In an effort to focus on nationalism rather than politics, Hezbollah has encouraged its supporters to fly only Lebanon’s national flag — red and white with a green cedar tree in the middle — not Hezbollah’s yellow political party colors. It urges its allies to do the same.

“We cannot tell people what to wear, but we are all Lebanese, so we should fly the Lebanese flag,” says Hezbollah spokesman Haj Abou Raja, 50.

Since Hezbollah’s creation with Iranian patronage in the wake of the 1982 Israeli invasion, the Hezbollah movement, at least rhetorically, for many years tried to stay above politics, entering the Cabinet for the first time in 2005.

Hezbollah’s transformation over the years marks one of the most striking transformations of any Islamic organization in the Middle East.

In its early years, it was notorious for imposing draconian restrictions in southern Lebanon — banning mixed sunbathing and women’s swimsuits at beaches, closing coffee shops, and prohibiting parties and dancing.

Since then, it has evolved from a shadowy organization blamed for two attacks on the U.S. Embassy and the 1983 bombing of the Marine barracks here, killing 241 soldiers, into a sprawling movement that fields a crack militia. It also serves in parliament and delivers welfare — from education to compensation for war damages — for its Shiite constituency, Lebanon’s largest community.

Hezbollah demonstrates the same sort of organization and discipline at the protests that it displayed in its fight against Israel and its assistance to Lebanon’s Shiite community.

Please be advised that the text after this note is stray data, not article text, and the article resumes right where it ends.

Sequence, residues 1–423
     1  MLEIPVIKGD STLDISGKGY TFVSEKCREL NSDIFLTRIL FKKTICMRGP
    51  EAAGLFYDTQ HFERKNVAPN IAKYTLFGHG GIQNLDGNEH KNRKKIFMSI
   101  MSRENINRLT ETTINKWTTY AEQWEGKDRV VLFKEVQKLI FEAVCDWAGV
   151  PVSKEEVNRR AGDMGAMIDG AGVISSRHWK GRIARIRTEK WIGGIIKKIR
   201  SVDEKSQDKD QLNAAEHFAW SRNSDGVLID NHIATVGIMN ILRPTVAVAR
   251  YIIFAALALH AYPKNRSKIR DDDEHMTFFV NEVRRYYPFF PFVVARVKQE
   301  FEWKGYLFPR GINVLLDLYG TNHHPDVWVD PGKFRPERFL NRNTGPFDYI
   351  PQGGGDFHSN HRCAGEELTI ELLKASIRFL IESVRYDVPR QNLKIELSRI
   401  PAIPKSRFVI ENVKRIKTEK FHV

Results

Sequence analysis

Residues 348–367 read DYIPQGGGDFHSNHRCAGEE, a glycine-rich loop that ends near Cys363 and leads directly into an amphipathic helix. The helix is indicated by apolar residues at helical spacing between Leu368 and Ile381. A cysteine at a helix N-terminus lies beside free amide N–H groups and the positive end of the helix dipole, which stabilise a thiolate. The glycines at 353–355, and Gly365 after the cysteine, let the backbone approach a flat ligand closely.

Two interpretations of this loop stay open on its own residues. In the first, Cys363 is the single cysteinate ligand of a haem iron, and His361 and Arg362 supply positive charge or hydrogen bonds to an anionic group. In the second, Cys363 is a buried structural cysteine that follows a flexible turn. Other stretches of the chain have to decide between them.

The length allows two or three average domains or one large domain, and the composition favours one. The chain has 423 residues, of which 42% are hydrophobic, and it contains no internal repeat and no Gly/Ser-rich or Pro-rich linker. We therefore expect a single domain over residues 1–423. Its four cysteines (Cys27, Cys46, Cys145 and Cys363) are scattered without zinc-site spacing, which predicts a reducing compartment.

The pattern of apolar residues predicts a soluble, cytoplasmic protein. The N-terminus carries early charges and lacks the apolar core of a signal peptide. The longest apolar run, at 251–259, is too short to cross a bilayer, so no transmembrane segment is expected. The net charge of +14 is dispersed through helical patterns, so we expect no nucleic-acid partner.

Organizers have arranged for delivery of water, food and toilets to the campers living in the roughly 400 tents.

Hundreds of what Hezbollah calls discipline men who wear identifying badges control the swelling crowds and keep peace among protesters and with the Lebanese security forces and troops that line the perimeter.

The protests are rife with irony. In pursuit of its political aims, Hezbollah has employed tactics praised by the Bush administration when mass demonstrations took place after the assassination of Hariri in February 2005.

The Lebanese political crisis also risks creating a new proxy conflict between Shiite-dominated Iran, which supports Hezbollah, and Sunni Arab regimes allied with the U.S.

This battle is an extension of a similar struggle between Iran and Arab governments over the future of Iraq, led by Saddam Hussein’s Sunni regime until the U.S. invasion in 2003.

The two major Arab powers, Saudi Arabia and Egypt, are leading the charge to ensure Saniora’s government does not collapse.

Last weekend, a day after 800,000 people rallied in Beirut demanding Saniora’s resignation, Egyptian President Hosni Mubarak warned against “foreign powers,” code for Iran and its ally, Syria, supporting Lebanese Shia and prompting Arab governments to support the Sunnis.

The growing ambitions of Iran, which wields great influence over the Shiite government in Iraq and over Hezbollah, is fueling tensions between Shiite and Sunnis throughout the region. Iran also supports the militant Sunni group Hamas, which swept Palestinian elections in January and now controls the government.

Arab rulers such as Mubarak, who ruthlessly suppress any sign of dissent in their countries, are worried that if the Lebanese government is toppled by Hezbollah’s mass protests, that will embolden other Arab populations.

“The disconnect between Arab masses and their rulers is growing wider,” said Mohammad Abdullah, a prominent Lebanese writer.